Attacking a roundabout quickly is a real blast; the car is monstrously powerful yet there is such an abundance of grip that you can scorch the tail on the exit and catch it without embarrassment. On the track you can sense slight roll in a T70 but you’re just not going to be driving that fast on a public road. On the busy A286 there is always something coming towards you, so opportunities to overtake are limited in an ordinary car; in the T70 you just double-declutch down into second, bury the right foot and a whole line of cars is dispensed with in nano-seconds, well before anything gets near. Dramatic but safe. The T70 lapped quicker than a Formula 1 car in period and its acceleration from 100mph in fifth gear is gutwrenching, yet it is just so flexible. Incredible.

Bumbling around the roundabout at the entry to Midhurst I fluff the ’change and get third instead of second, but the Lola pulls away without drama. Today of all days, the Midhurst traffic is heavy and the sun is beating down into the Lola’s cockpit. The car isn’t overheating at all – but I am, so I pull over and grab a drink from my bag. Pulling out to re-join the traffic flow requires more than usual care, for rear visibility is certainly not one of the Lola’s strong points. Alright, let’s be honest, the T70 is stiflingly hot in the cockpit unless you are moving quickly enough to get some air through the car, rearward vision is an absolute pain, there is nothing between the driver and the engine except a piece of Kevlar, and it’s very noisy. So by the end of my journey across Sussex I was halfdeaf, dripping with perspiration and pretty much wiped out. Does a Lola T70 make a practical road car? Oh yes. Abso-bloomin’-lutely!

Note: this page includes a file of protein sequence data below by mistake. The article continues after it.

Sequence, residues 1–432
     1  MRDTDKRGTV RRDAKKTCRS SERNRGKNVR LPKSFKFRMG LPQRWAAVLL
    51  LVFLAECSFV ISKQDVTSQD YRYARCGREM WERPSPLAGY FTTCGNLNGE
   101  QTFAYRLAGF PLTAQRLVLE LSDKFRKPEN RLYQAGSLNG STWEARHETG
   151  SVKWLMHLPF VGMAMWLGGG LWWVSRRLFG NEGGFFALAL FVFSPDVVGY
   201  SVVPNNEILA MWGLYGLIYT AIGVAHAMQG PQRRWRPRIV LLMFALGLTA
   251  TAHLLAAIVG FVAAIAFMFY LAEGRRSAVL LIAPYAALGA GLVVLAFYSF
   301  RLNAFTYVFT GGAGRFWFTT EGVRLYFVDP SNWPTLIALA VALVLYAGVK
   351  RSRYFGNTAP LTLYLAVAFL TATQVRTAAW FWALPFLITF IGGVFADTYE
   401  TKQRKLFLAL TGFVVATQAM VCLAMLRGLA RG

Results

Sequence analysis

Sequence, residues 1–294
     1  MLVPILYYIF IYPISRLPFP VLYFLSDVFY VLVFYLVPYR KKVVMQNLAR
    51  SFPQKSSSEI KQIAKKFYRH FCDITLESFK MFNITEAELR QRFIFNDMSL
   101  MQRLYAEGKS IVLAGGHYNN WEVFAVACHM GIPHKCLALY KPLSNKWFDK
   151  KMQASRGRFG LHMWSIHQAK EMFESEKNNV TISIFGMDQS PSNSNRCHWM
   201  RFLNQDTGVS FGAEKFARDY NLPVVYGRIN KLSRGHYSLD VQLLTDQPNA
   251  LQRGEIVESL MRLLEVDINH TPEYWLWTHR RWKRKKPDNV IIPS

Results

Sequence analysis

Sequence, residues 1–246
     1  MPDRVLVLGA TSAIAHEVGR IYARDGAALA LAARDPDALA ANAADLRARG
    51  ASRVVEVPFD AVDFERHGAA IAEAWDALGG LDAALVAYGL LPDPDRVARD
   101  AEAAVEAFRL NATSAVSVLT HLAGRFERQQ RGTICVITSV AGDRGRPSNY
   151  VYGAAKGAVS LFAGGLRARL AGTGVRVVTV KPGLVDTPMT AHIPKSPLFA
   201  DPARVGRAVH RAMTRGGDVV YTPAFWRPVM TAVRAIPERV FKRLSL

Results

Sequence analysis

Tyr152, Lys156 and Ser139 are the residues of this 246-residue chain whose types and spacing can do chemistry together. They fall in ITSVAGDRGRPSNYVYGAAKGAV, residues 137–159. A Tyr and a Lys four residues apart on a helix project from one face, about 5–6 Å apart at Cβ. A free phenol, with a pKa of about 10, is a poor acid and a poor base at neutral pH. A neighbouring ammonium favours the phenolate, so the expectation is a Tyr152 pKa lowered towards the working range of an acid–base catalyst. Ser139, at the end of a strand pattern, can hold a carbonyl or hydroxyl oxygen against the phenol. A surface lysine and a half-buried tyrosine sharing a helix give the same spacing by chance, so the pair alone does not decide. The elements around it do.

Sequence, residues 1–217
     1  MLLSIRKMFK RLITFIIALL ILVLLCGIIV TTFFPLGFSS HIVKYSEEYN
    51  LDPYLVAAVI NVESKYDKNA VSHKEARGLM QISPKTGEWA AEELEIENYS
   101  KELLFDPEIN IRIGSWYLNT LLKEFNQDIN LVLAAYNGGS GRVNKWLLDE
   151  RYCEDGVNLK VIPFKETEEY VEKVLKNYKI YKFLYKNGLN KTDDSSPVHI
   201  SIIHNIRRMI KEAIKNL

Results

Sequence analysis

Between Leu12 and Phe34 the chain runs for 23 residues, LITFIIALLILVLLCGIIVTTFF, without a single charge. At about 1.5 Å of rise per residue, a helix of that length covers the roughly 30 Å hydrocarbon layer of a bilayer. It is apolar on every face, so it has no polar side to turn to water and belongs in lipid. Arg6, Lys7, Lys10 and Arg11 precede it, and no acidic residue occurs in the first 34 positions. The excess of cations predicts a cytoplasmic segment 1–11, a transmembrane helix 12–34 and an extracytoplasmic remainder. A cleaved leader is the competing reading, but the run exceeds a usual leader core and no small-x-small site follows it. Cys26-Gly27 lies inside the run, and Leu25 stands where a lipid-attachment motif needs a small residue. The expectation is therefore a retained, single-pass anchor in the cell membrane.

THANKS TO Lola gurus John Starkey and Nigel Hulme.

 

A WORD FROM THE EXPERT

Nigel Hulme has nearly 40 years’ experience with the T70

Nigel Hulme has been driving T70s since around 1980, and in 1985 he won the Failsafe Historic GT Championship. He raced for many years in South Africa, and took four second places in the support races for the British Grands Prix in 2006 and 2007.

It was Nigel who helped Keith Newcombe set-up his T70s properly, following a test session at Mallory. Whoever had previously set them up had not done a good job, to the point they were actually dangerous. Nigel got his mechanic Clive Robinson involved and together they sorted the Red Rose car.

They changed the dampers and altered the suspension set-up. ‘We highlighted faults in the fuel system so that Mick [Keith’s mechanic] was able to get them fixed. After two or three test sessions we got the car performing really well.


1967-Lola-T70-MkIII

1967 Lola T70 MkIII

‘Having a T70 on the road is a huge amount of fun – the cars are forgiving and they are not too bad to drive. I am quite keen on driving overpowered race cars on the road… Today, everything is so mundane, but this is something you can drive to the pub at the weekend or take out early in the morning on an open country road. That would be just bliss. ‘I ran a McLaren M6GT for around 17 years until I regretfully sold it in 2010 and I’ve run several GT40s. My T70 was a pure racer but driving Keith’s MkIII on the road was a sheer delight.’


 

TECHNICAL DATA FILE SPECIFICATIONS 1967 Lola T70 MkIII

Engine 5900cc Chevrolet V8, four Weber 48 IDA carburettors

Power 495bhp @ 4750rpm / DIN

Torque 475lb ft @ 4900rpm / DIN

Transmission Hewland LG600 five-speed manual

Steering Rack and pinion Suspension Double wishbones, coil springs, telescopic dampers, radius rods at rear

Brakes Discs

Weight 860kg

Performance Top speed 175mph


‘I sometimes drive past McLaren’s HQ, boot it at their roundabout, and watch their staff cheer and clap’

‘From 2000rpm in any of the first four gears it simply accelerates like a slingshot’


 

Left and facing page Our man Ostroff gets to grips with the T70 – on the road; its outrageously low profile still surprises, 50 years on. Clockwise from right Appropriately named destination for a T70 drive; interior is all race car; cooling now properly sorted; chassis plate reveals Slough origins. Above and below right Hewland LG600 dogleg gearbox needs decisive ’changes; profile shot shows how close that big Chevy V8 is to the driver’s seat.